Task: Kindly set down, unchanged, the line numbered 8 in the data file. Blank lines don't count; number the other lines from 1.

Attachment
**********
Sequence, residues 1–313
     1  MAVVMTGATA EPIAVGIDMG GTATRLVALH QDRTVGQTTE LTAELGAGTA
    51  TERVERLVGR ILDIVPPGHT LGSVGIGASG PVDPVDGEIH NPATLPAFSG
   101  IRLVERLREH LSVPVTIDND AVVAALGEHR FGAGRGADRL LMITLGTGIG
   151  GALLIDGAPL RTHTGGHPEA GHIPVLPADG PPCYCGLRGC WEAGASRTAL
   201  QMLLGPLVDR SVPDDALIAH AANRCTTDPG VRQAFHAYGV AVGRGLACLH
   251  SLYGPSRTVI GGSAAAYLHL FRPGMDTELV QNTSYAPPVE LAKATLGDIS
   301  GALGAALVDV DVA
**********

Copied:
   301  GALGAALVDV DVA